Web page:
Caught this documentary the other night-- really interesting. Do I Sound Gay? explores prevalent speech patterns among gay men. Featuring interviews with by David Sedaris, George Takei, Dan Savage, and Margaret Cho, the film ranges widely as it explores links between the voice and the self.
I certainly don't rate as an expert on any of the issues faced by the LGBT community. But I've recorded and edited an awful lot of different people's voices, and in listening to various vocalizations I've noticed a lot of subtle differences in enunciation and wondered what might be encoded in these nuances. This is where I really connect with the film. We hear from speech pathologists and a voice coach about the social significance of pronunciation strategies, and we even get to examine the waveforms of the protagonist's recorded voice at a couple of points. Fascinating.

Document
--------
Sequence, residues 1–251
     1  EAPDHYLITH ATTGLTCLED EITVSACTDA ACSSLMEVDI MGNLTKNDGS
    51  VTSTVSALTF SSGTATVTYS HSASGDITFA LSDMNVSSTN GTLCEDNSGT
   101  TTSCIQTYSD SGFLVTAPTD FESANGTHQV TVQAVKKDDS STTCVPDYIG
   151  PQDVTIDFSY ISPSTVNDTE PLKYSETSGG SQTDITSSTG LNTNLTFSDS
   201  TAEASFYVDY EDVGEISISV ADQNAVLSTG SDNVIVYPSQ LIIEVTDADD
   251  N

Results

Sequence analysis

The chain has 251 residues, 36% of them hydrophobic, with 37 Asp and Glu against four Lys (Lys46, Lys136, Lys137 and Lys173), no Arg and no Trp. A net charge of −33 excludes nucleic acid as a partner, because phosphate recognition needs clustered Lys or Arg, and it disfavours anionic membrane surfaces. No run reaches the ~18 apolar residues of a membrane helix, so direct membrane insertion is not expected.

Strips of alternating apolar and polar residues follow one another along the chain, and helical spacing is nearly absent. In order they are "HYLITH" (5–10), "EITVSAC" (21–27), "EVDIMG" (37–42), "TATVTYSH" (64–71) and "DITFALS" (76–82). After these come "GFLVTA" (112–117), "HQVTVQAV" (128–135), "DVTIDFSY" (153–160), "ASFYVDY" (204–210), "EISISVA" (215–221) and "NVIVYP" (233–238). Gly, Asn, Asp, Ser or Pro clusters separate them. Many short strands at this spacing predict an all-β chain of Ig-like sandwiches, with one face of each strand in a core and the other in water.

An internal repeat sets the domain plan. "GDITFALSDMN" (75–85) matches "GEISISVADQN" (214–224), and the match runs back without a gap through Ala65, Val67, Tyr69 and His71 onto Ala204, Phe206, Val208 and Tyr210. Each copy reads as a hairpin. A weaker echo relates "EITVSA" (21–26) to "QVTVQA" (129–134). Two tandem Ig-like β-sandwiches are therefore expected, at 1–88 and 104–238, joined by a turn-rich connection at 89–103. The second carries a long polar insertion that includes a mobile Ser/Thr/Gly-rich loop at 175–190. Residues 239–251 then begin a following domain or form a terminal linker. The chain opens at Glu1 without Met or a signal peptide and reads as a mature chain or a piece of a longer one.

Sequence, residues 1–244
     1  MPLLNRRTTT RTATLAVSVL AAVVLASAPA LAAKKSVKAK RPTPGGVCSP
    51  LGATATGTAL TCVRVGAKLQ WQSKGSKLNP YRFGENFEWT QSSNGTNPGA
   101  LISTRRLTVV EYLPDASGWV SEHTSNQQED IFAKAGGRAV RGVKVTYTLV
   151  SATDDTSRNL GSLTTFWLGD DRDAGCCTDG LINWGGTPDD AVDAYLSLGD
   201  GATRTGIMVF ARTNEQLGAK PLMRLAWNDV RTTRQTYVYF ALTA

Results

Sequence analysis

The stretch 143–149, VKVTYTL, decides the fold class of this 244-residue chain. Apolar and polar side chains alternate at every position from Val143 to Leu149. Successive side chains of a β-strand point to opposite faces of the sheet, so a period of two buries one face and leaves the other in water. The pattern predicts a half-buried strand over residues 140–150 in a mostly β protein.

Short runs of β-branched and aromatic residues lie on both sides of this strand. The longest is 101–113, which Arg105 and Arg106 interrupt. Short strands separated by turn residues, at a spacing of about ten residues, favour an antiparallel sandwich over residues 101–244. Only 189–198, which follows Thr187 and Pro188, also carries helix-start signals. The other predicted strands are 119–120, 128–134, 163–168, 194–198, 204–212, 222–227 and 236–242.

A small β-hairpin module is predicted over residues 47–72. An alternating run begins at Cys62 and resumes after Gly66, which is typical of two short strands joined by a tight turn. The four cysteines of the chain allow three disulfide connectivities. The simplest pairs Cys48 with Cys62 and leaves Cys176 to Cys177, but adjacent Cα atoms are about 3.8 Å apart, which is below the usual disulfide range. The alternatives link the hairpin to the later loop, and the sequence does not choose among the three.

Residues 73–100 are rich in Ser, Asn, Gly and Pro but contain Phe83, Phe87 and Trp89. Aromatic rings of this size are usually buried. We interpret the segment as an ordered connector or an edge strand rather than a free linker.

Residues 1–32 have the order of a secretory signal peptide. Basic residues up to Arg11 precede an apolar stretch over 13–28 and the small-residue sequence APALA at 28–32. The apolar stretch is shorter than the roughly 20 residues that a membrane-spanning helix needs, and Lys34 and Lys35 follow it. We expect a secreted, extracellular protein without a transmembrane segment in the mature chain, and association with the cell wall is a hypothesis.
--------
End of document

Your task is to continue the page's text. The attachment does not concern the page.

Mostly I just want to reommend this film, so I won't get too in-depth about it. But to focus in briefly: I was happy to see Dan Savage get to what I feel is a central matter here. The film acknowledges that the (stereotypical) intonation of gay male speech is often derided because it sounds like (stereotypical) female speech-- in a word, it's "effeminate". Savage has one word to explain the negative connotation: "misogyny". Again, this opens up a whole set of issues beyond my expertise or present space considerations. But I'm glad this film is encouraging the conversation, as I'd call it an important one to be had.